Understanding Your K-1

It’s that time of year when extended pass-through business returns are being finalized, and owners are beginning to receive their K-1s. If you are one of those owners, have you ever looked at your K-1? Do you know what information is being provided to you?

To move forward on explaining your K-1, we first must take a step back. Businesses that are structured as LLCs (that haven’t elected C status), partnerships or S corporations are all considered pass-through entities. The “pass-through” term was coined as all the income passes through to its owners to be taxed; the entity itself does not pay federal income taxes with the entity tax return.

So, how does the entity information get to the owners if the entity doesn’t pay tax? Enter the K-1. At its most basic function, the K-1 reports an owner’s share of the entity’s income, deductions, adjustments and tax credits. It essentially takes the entity return and carves it into pieces for each owner.

The ordinary income or rental income reported will be the net of ordinary/rental income and expenses for the entity. Items like interest income, dividends and capital gains are considered separately stated items, as they have separate places on your individual return that they need to go (Schedule B and Schedule D, for example). Same for separately stated expense items, like charitable contributions (Schedule A) or pension contributions (Schedule 1). In large part, you will be able to find each number on your K-1 in your completed 1040 tax return and accompanying schedules.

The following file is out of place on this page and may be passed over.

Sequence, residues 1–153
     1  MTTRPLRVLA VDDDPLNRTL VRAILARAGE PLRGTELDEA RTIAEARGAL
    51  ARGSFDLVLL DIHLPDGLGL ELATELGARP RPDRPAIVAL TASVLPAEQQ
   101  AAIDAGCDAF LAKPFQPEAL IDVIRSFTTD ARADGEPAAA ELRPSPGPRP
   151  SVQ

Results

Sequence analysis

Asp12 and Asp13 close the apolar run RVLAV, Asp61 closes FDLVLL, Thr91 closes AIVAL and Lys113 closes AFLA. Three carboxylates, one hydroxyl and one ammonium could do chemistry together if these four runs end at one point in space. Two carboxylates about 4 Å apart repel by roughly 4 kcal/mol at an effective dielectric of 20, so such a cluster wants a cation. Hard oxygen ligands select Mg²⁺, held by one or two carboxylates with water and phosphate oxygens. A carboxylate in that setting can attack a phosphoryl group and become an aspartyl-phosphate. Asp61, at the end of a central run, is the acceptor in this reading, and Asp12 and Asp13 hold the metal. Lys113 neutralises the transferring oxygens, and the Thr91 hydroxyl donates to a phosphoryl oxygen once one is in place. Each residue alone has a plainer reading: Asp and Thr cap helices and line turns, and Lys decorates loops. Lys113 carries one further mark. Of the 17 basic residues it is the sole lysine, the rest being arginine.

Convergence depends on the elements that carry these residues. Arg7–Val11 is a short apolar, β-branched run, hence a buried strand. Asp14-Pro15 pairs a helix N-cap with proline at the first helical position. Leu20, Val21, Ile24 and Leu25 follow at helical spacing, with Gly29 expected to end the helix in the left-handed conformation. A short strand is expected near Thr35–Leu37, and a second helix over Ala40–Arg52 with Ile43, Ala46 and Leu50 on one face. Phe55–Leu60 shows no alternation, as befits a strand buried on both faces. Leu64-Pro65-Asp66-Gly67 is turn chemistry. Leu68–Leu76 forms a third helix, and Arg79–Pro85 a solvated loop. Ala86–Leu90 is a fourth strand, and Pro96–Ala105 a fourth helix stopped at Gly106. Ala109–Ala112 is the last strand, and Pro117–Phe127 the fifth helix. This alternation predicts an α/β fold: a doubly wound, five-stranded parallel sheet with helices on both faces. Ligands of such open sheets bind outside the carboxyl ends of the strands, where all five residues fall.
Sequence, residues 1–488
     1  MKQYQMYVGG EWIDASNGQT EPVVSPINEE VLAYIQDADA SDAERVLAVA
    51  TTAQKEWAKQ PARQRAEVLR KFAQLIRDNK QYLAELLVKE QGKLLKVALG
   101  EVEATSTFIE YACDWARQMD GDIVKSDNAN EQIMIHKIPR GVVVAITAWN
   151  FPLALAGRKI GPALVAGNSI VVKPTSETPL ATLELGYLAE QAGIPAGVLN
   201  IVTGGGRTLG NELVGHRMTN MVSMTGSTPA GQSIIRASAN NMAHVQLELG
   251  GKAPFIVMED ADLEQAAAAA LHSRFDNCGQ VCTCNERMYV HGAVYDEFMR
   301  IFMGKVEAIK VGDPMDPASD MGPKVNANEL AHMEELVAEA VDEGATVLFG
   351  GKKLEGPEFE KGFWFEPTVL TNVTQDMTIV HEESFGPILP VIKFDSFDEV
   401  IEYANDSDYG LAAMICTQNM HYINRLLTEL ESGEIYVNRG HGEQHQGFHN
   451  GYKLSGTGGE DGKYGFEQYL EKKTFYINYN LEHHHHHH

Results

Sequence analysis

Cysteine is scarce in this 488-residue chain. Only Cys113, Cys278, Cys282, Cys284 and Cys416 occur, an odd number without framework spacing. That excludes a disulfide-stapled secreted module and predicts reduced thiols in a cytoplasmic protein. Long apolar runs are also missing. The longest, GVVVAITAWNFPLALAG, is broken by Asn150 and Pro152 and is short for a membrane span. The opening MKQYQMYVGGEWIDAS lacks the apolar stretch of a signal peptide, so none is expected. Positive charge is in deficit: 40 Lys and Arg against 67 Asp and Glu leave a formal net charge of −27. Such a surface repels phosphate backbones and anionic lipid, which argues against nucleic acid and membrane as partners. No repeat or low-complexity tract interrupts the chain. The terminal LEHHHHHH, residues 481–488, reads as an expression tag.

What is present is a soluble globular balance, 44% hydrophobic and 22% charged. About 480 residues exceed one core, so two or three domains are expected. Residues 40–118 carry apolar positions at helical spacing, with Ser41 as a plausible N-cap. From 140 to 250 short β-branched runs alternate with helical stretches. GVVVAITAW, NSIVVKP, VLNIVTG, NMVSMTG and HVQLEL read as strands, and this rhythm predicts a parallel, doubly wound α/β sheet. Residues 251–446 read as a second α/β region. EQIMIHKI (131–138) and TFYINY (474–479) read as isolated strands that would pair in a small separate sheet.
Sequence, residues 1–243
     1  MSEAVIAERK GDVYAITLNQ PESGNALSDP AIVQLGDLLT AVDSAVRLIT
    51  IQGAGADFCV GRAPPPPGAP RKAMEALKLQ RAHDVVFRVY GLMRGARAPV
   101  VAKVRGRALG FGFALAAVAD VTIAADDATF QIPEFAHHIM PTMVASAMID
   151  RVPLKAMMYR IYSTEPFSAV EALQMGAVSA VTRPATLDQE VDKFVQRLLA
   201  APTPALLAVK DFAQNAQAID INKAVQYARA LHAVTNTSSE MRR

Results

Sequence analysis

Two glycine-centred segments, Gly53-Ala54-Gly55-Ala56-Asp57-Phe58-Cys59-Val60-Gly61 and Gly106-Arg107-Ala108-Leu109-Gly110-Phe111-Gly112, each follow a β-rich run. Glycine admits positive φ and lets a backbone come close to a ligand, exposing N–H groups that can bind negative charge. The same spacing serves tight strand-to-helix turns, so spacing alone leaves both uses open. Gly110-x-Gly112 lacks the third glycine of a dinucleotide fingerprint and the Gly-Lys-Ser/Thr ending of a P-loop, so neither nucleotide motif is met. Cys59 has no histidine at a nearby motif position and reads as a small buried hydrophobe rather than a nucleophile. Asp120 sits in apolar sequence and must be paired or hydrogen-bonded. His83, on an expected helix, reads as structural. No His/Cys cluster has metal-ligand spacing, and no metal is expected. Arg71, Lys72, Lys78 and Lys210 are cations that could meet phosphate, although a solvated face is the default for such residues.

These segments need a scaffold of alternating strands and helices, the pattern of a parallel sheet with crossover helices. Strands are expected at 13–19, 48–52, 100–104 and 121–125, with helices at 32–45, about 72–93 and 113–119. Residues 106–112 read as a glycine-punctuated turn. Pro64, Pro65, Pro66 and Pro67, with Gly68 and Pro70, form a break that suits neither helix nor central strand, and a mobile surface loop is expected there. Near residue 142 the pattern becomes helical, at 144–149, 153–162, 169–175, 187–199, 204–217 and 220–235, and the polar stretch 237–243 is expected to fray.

We are often asked, “Why doesn’t the net income match the cash I received during the year?” The distributions of cash you receive throughout the year are reported on your K-1, but, in many cases, this is not the exact same amount of income that you must report. When your distributions are less than the income you must report, this gives rise to what many refer to as “phantom income.” Historically, “phantom income” referred to unrealized investment gains, but today, it covers primarily any type of income you report that you did not receive actual cash for. There are several reasons that the cash distributed may be less than the income being reported, debt servicing for example, but ultimately it is a business decision for the owners. Often this decision is guided by the entity’s operating agreement. Some agreements have a set percentage, say 85% of income, while others have it stated as a tax distribution, maybe 50% of income. Many just leave it as completely discretionary. As you can see, it is prudent to have a strong understanding of these agreements especially when trying to reconcile income and cash.

On that note, we’ll talk about the importance of operating agreements in the next installment! I hope you have gained a little more insight into your K-1 and what it means.

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For more information on this topic, please contact a member of Withum’s Healthcare Services Team.